in and get something done. representative peter king and steve israel are requesting the army corps of engineers and the energy department take over repairs from the long island power authority. known as lipa whose work they have called abysmal. more than 15,000 people don't have power. what's worse is the lack of answers. >> some of us who actually get power, once that grid is turned on and our power is turned on we still don't have power because most of our electrical boxes are under water. need to get electricians and power lines put in because it was under water. it's time we need the power on so we can get our lives rebuilt. >>lipa hope to have 9 a% of the power restored by tuesday. but about 65,000 customers have such severe flood damage it will take extensive repairs before they can begin restoring power. new questions this morning about whether four americans could have been saved from the terror attack in benghazi. according to the pentagon's newly released time line. a special op.s team in croatia was told to prepare to deploy 2 to 4 hours after the attack started. the tea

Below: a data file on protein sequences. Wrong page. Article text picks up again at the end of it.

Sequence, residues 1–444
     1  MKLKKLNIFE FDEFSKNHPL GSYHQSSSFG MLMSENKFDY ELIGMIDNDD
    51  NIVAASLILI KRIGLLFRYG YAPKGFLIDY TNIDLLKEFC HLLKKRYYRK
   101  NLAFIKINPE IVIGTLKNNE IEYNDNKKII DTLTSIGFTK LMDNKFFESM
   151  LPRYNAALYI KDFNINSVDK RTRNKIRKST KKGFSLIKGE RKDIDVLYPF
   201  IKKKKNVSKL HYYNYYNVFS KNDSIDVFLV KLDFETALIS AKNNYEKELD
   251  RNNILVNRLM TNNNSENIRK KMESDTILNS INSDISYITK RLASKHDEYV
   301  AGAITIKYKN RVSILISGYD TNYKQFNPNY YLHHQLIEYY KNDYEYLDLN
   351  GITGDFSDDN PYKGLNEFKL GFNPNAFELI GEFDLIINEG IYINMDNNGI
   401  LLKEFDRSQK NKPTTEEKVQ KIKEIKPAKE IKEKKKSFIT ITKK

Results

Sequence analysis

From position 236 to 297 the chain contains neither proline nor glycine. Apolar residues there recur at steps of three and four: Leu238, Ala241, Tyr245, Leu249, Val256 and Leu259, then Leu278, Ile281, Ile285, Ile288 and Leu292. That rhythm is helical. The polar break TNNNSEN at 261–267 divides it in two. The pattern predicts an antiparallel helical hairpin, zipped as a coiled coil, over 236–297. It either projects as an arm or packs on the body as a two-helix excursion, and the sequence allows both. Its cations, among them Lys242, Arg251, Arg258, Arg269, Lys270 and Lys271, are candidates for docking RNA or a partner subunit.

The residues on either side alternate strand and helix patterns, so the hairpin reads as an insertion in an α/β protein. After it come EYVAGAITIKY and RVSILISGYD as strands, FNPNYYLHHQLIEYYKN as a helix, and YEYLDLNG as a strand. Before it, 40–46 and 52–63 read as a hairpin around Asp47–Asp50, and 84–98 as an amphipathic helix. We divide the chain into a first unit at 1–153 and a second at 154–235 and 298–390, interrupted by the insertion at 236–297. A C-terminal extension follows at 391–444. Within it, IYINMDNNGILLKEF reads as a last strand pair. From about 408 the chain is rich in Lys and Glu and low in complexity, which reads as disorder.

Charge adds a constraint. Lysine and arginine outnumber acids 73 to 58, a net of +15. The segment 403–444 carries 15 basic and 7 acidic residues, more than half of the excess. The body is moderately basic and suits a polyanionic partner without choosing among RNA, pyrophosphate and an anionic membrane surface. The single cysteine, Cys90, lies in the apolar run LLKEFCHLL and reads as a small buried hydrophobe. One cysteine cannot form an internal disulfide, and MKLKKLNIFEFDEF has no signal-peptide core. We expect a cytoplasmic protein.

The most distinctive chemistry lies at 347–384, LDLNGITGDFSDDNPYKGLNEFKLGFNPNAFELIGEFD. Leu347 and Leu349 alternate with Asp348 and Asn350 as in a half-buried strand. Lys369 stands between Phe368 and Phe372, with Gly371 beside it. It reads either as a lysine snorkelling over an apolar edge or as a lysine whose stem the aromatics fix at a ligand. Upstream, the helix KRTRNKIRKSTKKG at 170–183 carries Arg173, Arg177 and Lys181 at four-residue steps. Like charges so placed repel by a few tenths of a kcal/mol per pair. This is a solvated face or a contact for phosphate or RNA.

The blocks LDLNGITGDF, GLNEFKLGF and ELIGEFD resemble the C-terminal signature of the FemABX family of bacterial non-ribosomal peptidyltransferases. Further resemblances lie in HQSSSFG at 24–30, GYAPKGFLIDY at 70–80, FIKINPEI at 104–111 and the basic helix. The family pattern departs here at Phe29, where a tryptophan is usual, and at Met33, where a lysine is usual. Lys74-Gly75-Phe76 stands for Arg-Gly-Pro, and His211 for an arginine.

iran or syria or now with israel's problems on the gaza and so on, both sides of be careful. they do not look at things exactly the same way. it will not matter if we find that things the things to get done are being stymied. i am not predicting that. i would pick a star next to that. see somee're going to renewed efforts over the next several months to see if there is a path for north korea. i do not see the obama administration changing the terms of agreement. one just reiterated that we will not. you also have a new government in seoul. no matter who wins, they will be looking toward some more engagement. that could indeed complement -- complicate things in the u.s. and china. on these issues, i think the focus was absolutely right. china is basically, if you talk privately to folks from the mainland, what you get is we did not start it. we fix it. this is a rather unfortunate attitude. it may be pretty all too accurate a reading. i have nothing to add to what he just said about the possible involvement at the united states. attitudes here about what china is doing are not very po